The Free Syrian Army grew out of protests against the Assad regime that eventually turned violent. Along with other non-jihadist rebel groups, it seeks the ouster of President Assad and democratic elections. After suffering a number of defeats, many of its members defected to hardline militant groups. It garnered some support from the US and Turkey, but its strength has been greatly diminished.

Who's fighting in the Syria conflict?

The resistance

Fighting between Syrian Kurds and Islamists has become its own conflict. The US-led coalition against the "Islamic State" has backed the Syrian Democratic Forces, an alliance of Kurdish and Arab militias. The Kurdish YPG militia is the main component of the SDF. The Kurds have had a tacit understanding with Assad.

Who's fighting in the Syria conflict?

The new jihadists

"Islamic State" (IS) took advantage of regional chaos to capture vast swathes of territory in Iraq and Syria in 2014. Seeking to establish its own "caliphate," IS has become infamous for its fundamentalist brand of Islam and its mass atrocities. IS is on the brink of defeat after the US and Russia led separate military campaigns against the militant group.

Who's fighting in the Syria conflict?

The old jihadists

IS is not the only terrorist group that has ravaged Syria. A number of jihadist militant groups are fighting in the conflict, warring against various rebel factions and the Assad regime. One of the main jihadist factions is Hay'at Tahrir al-Sham, which controls most of Idlib province and has ties with al-Qaeda.

Who's fighting in the Syria conflict?

The Persian shadow

Iran has supported Syria, its only Arab ally, for decades. Eager to maintain its ally, Tehran has provided Damascus with strategic assistance, military training and ground troops when the conflict emerged in 2011. The Iran-backed Lebanese Shiite militant group Hezbollah also supports the Assad regime, fighting alongside Iranian forces and paramilitary groups in the country.

The Manbij Military Council has been one of the key components of the SDF, fighting IS not only in Manbij but also in Raqqa and further east around Deir ez-Zor.

The US military has resisted making concessions to Turkey over Manbij out of concern it may unravel the carefully put together coalition of Kurds and Arabs fighting IS under a US umbrella. 

After the US stood by as Turkey conquered Afrin, a hasty US withdrawal from Manbij would also be viewed betrayal by the SDF.

"Manbij for the US is more than just a territory on the map. For the US military it is the door that secures the Raqqa countryside and Raqqa is the showroom model for the US' post-IS stability building mission," said Heras.

Will US appease Erdogan?

Any US concession to Turkey on Manbij also raises the question of whether it would be enough to appease Erdogan.

"US policy makers believe Erdogan's appetite is bigger than just Manbij and they take him at his word. When Erdogan says Manbij, he means all the way to the border of Iraq," Heras said.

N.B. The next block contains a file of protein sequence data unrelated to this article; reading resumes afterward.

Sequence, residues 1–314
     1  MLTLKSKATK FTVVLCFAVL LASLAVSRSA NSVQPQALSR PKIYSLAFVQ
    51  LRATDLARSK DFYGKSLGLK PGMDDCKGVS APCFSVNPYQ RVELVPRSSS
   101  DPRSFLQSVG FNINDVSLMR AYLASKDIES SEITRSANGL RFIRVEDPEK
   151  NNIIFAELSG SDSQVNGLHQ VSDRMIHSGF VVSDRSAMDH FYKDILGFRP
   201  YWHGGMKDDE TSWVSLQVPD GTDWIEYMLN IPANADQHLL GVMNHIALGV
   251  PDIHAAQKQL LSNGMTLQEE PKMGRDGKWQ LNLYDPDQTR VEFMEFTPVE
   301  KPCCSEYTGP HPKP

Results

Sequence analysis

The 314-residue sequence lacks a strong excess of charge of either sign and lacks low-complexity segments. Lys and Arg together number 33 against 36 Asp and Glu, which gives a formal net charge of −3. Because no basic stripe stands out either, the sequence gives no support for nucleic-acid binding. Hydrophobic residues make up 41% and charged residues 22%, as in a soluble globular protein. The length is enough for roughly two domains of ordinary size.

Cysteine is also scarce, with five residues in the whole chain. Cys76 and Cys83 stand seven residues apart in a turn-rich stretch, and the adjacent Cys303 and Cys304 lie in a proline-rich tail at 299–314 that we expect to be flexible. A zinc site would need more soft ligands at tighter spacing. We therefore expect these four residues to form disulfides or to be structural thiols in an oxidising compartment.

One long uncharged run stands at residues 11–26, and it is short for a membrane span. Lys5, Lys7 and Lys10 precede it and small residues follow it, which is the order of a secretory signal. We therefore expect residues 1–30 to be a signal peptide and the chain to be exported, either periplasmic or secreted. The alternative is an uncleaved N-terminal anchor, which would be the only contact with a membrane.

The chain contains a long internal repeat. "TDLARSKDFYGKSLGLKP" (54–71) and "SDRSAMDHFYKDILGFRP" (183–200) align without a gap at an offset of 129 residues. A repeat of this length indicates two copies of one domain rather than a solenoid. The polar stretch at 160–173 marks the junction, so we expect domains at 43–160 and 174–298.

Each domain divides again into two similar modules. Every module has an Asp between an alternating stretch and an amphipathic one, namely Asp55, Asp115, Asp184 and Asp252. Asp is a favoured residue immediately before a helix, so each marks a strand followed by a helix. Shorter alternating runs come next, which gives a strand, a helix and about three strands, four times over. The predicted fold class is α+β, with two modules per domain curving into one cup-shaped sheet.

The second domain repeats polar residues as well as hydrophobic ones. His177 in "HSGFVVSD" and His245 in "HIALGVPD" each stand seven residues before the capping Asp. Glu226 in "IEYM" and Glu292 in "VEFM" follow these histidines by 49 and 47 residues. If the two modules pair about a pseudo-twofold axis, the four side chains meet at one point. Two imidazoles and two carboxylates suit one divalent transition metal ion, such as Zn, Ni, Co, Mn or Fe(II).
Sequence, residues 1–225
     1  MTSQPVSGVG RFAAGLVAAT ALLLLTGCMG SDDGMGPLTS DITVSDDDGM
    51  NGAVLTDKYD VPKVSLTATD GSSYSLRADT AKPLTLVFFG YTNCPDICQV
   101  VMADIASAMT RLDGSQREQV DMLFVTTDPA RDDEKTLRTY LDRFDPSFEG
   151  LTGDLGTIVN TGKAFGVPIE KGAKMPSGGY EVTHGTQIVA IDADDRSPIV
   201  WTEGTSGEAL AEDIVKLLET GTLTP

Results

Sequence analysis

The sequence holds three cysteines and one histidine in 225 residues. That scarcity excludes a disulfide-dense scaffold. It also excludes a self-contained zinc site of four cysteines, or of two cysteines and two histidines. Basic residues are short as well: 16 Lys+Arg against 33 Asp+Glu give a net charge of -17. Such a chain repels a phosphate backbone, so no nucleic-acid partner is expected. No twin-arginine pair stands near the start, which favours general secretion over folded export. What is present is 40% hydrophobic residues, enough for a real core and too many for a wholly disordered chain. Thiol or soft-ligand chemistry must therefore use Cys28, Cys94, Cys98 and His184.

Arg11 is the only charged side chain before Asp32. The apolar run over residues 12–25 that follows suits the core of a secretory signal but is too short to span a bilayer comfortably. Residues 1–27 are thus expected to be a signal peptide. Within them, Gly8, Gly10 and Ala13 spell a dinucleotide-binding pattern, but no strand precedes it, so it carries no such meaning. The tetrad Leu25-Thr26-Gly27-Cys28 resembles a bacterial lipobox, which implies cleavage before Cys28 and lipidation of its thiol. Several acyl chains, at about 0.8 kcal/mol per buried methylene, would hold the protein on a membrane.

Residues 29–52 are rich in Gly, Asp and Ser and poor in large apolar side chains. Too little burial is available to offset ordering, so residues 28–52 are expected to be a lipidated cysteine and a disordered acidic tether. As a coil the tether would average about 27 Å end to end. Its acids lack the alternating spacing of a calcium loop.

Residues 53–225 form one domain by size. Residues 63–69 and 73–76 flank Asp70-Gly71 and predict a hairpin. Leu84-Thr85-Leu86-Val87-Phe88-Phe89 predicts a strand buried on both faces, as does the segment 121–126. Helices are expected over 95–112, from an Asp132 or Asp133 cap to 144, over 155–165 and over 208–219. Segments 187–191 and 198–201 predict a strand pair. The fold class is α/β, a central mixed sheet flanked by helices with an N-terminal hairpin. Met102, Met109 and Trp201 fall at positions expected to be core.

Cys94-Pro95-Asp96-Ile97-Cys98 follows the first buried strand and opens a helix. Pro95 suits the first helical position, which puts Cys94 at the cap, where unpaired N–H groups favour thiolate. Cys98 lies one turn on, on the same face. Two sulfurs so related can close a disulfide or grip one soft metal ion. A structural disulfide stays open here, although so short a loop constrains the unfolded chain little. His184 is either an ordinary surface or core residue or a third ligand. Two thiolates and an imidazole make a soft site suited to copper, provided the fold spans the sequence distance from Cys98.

"The mood within the US military is to not withdraw from Manbij unless there is a very clear and on paper agreement with the Turks as to the limits of where Turkey will be able to operate east of the Euphrates — which is nowhere. Unless there is that kind of guarantee, the mood is not to back down in Manbij,"he said.

Syrians start from scratch in Raqqa

Mangled steel and concrete

Much of Raqqa, once an "Islamic State" stronghold, now lies in ruins. What remains of the city are destroyed building shells of concrete and mangled steel. Local traffic uses hastily cleared paths and roads to avoid any hidden IED’s (improvised explosive device).

Syrians start from scratch in Raqqa

Sticking together

Families use various modes of transport to get around the city. These include bicycles, motorcycles or a home-made wheelie box shown in the image above.

Syrians start from scratch in Raqqa

No transport too small

A familiar sight on the region's roads and streets: Here three young girls, two adults and a child squeeze on to a small motorcycle. It’s the quickest way to get around town.

Syrians start from scratch in Raqqa

Row the boat ashore

Small rowing boats ferry people and goods across the river. Local say the Raqqa bridge over the Euphrates river was destroyed by IS forces in a preemptive strike to slow down the Syrian Democratic Forces approaching the city.

Syrians start from scratch in Raqqa

Work is just around the corner

Teams of manual workers sit on street corners. With people returning to the city eager to rebuild their homes, these workers are in high demand.

Syrians start from scratch in Raqqa

Buy two, get one free!

Coffee, soft drinks and energy drinks are in high demand among the laborers drafted in to rebuild homes and businesses. The owners of make-shift food and drinks carts are doing brisk business.

Syrians start from scratch in Raqqa

Back home

A typical view of a residential area in one of the city’s neighborhoods. A woman with her two children walks past a family that has recently returned home. The father has rebuilt the apartment’s outer walls but with no running water and electricity, many obstacles remain.

Syrians start from scratch in Raqqa

Personal belongings

As the sun sets a family arrives where a block of flats once stood. Each collapsed floor rests on the one below. Rummaging through the rubble two men covered in dust manage to salvage a king-sized mattress. A few moments later the father finds his son’s school book.

Syrians start from scratch in Raqqa

Spent force

Two boys walking down one of the city streets hold two used shells. IED’s still present a real threat and are a common cause of death and injury. IS fighters booby-trapped bodies, money, toys and rubbish among other things.

US policy unclear

However, US policy is one of mixed signals, which may embolden Turkey and discourage the SDF, possibly tempting the Kurds to ally with the Assad regime against Turkey.

As the US military repeatedly commits to standing their ground, US President Donald Trump said in off the cuff remarks this week the US would leave Syria "very soon."

"We'll be coming out of Syria, like, very soon. Let the other people take care of it now. Very soon — very soon, we're coming out,"Trump said after noting IS has largely been defeated. The comments reportedly caught the State Department and Pentagon off guard. 

Read moreTrump freezes Syria recovery funds amid rumors of early exit

Candar, now a Visiting Scholar at Stockholm University's Institute for Turkish Studies, noted that US indecisiveness "emboldens Erdogan to follow a reckless policy in Syria which might end up with unintended consequences for all the parties involved."

Asked what his advice to US policy makers would be, he said: "Anything that would not be interpreted as appeasement could be considered as a sober advice for the US policy makers in handling Turkey over northern Syria. However, I am also aware that sobriety is not a particular trait of the current American administration."